Mokume Gane — A Comprehensive Study | Introduction
From History to Firing Methods to patterning – Everything to know about MOkume Gane
Twenty years ago I was deep into the work of creating this book, working with the other contributors, selecting images and writing everything I knew about the art and craft of Mokume Gane. Google was one year old and my son Jacob (the other half of Steven Jacob) was in middle school. Much has changed since that time. Mokume is still not a household word, but I DO actually run into people that have nothing to do with metalwork who say things like, “Yes, I’ve heard of that, my Dad has a knife with a Mokume handle,” or “Our best friends have awesome wedding rings made out of that.”
When this book was first published there were only a handful of metal artists scattered around the world who had dedicated themselves to exploring the depths of this amazing technique. There were many others that encountered it in one form or another in school and made a few pieces with varying degrees of success. While there was a good deal of information in a number of publications about the process, there was no one source for up-to-date, science-based information on a variety of best practices for creating one’s own Mokume Gane. This book, I am happy to say, seemed to fill that gap, and offer the instruction for which many metalworkers were longing.
Mokume Gane — A Comprehensive Study has been out of print now for years, and I have been asked many times to reprint it. My reply was always the same, “I don’t want to just reprint it, I want to write a completely updated, new edition,” followed very closely by, “… and I don’t have time to do that!” The offering of this book in the format you’ll find here is my attempt to do both. It will make this still-very-relevant information in its entirety, available to all — free of charge.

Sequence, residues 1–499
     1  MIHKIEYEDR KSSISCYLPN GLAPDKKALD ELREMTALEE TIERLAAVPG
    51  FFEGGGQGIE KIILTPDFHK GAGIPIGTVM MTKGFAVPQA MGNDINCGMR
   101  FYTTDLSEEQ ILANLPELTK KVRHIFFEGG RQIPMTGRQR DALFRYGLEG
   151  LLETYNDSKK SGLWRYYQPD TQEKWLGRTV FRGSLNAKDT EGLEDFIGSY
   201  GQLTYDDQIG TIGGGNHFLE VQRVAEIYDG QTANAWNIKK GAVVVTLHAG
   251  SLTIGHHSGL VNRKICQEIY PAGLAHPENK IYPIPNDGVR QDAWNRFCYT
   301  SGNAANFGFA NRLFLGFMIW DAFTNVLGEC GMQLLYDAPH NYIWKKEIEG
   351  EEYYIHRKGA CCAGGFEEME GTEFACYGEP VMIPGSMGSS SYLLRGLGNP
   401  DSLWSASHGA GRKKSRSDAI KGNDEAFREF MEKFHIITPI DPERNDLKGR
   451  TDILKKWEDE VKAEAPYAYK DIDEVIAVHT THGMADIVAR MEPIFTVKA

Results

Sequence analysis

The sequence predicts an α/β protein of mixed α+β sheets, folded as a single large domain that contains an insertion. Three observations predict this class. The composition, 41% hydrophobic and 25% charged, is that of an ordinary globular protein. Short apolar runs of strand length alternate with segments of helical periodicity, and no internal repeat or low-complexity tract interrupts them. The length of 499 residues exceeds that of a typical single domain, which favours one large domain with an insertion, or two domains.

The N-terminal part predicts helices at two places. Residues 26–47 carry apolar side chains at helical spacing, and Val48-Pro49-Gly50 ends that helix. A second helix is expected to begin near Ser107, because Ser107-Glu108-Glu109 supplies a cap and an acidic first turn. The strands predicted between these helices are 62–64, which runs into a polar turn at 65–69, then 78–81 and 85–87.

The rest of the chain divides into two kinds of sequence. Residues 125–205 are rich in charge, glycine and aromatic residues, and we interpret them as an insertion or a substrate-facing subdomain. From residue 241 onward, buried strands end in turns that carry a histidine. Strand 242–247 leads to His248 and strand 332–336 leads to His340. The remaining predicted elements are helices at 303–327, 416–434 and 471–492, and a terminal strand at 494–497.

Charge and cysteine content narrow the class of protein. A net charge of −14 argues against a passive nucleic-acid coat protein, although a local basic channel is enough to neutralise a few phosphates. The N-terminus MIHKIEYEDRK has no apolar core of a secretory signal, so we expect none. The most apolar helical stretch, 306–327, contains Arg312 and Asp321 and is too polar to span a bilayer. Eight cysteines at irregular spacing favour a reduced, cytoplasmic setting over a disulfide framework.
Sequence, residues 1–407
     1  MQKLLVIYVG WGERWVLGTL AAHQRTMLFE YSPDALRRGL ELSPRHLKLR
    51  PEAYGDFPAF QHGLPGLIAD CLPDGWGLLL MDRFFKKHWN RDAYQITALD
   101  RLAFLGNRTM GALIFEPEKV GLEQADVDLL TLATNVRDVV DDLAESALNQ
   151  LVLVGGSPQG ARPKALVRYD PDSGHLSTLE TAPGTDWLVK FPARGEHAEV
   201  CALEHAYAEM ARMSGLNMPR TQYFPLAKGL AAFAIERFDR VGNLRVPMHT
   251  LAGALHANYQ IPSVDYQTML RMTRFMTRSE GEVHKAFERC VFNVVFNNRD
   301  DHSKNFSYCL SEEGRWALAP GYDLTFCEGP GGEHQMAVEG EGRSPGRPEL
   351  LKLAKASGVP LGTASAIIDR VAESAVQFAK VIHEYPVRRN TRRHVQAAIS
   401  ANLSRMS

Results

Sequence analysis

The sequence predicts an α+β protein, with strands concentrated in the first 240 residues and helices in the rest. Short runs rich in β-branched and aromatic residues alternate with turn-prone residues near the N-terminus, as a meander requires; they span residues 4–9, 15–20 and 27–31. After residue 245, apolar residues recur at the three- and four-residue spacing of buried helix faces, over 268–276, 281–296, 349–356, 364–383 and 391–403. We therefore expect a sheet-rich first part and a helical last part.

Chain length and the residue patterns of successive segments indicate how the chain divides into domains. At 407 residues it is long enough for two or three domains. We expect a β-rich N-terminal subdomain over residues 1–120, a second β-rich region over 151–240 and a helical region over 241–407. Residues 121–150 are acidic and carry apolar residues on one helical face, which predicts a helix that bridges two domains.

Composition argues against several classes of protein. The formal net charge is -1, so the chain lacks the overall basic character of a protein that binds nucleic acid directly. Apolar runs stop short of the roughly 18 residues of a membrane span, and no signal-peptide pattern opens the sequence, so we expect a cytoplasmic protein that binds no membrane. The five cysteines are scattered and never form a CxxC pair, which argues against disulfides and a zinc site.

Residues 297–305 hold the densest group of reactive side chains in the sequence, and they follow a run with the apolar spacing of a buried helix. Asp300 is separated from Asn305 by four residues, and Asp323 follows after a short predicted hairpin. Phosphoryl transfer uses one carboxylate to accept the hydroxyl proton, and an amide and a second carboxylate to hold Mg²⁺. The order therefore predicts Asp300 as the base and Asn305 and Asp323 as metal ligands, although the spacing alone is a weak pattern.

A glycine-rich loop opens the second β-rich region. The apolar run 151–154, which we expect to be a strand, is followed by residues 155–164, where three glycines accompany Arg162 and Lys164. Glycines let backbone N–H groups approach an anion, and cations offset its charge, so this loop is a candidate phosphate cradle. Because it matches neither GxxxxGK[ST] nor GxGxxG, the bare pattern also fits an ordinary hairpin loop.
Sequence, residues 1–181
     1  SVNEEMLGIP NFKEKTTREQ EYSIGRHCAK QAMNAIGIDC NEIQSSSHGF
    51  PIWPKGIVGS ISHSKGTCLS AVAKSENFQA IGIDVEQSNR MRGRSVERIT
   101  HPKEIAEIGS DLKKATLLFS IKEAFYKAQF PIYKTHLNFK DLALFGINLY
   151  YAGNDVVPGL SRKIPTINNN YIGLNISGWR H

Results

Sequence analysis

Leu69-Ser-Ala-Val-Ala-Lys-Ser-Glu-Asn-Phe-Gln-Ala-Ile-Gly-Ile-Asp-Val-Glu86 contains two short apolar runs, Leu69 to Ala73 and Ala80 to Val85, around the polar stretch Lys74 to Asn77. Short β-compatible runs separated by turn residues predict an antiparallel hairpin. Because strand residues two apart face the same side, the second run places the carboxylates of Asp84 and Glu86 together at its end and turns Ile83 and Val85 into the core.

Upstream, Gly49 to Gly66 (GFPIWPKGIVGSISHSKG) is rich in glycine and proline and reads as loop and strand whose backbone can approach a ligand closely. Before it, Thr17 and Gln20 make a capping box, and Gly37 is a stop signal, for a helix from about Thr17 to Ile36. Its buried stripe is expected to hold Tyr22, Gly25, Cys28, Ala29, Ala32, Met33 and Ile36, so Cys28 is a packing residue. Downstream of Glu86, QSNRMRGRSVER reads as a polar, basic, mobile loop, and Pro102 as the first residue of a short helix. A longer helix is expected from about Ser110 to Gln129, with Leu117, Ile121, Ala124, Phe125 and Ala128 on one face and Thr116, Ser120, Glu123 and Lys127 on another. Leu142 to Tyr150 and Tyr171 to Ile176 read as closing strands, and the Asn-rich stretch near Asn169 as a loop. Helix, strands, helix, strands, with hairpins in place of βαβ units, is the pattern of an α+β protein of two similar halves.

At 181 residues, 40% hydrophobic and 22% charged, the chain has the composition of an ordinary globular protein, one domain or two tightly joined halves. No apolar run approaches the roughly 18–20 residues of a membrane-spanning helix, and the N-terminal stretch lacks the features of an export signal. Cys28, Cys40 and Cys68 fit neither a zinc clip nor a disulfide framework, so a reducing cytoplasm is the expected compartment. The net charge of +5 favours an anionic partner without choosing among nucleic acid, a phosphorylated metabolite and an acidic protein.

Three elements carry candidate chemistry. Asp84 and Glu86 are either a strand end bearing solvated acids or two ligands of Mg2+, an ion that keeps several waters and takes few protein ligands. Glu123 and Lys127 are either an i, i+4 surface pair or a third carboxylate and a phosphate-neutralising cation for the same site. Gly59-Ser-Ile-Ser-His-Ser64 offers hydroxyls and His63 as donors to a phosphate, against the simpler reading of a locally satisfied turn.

I’m also excited to say that the “NEW LAYERS — What We’ve Learned Since” section at the end of each book post will provide a venue to explore and discuss new innovations in the field of patterned metals and will feature tips, guidance and exquisite new work by the world’s most revered makers. The last twenty years have blurred the lines between Mokume Gane and Damascus Steel, as many knifemakers have started making Mokume, while Mokume practitioners use their knowledge and techniques to create Damascus. I will use NEW LAYERS to update you on what I’ve been learning about patterned metals, and will invite other artists and innovators to share their unique insights as well. Since there is lots of new information to present here, I ask for your patience while I do the work to get it up.
It is my hope that by sharing this information (in multiple blog posts through the end of this year) that the creation and appreciation of Mokume Gane will continue to evolve and expand. My one request of you, dear reader, is that you be respectful in you comments below (which are encouraged!) and also in your actions. Remember, this is a copyrighted work, as are the images that belong to the contributing artists. Use their images to inspire you and this information to help you create your own masterpieces to share with the world. Perhaps, with your help, it will not be long before Mokume DOES become a household word!
— Steve Midgett, May 31, 2019
Mokume Gane — A Comprehensive Study
This comprehensive book provides solid information about the process of mokume gane (wood grain metal). From its beginnings in ancient Japan to its current renaissance in the digital age, Steve Midgett traces its history and applications. With the help of other prominent artists in the field, he provides detailed instruction for metalsmiths, jewelers, and knifemakers who want to produce their own top quality mokume. Each technique is thoroughly covered, with tips from the finest makers in the world. The text is copiously illustrated with over 150 color photos and includes 25 pages of mokume gane art by accomplished masters. All the technical data is here, too, with step-by-step instructions, information on metal compatibility, and firing temperatures. All this and more makes Mokume Gane A Comprehensive Study an essential tool for any metalworkers shop.
Want to Learn About Mokume?
This book provides a shortcut for those looking for reliable information on the mokume process and methods that really work. It contains instruction and advice from the world’s top mokume artists, who have all spent years perfecting the methods outlined here. You are the beneficiary of their accumulated knowledge. Combined with solid technical data, this gives readers a firm grasp of the mokume process and the knowledge with which to produce their own.
The Author: Steve Midgett
Steve Midgett is internationally recognized as a leading authority on the subject of mokume gane. His fascination with this technique spans three decades, and his company, Steven Jacob, has specialized in mokume jewelry since 1989. A JCK Rising Star Designer and Niche Award winner, Steve presents lectures and workshops on mokume gane and is the author of the book and instructional video “Mokume Gane in the Small Shop.”
James Binnion, Robert Coogan, and Hiroko Sato and Eugene Michael Pijanowski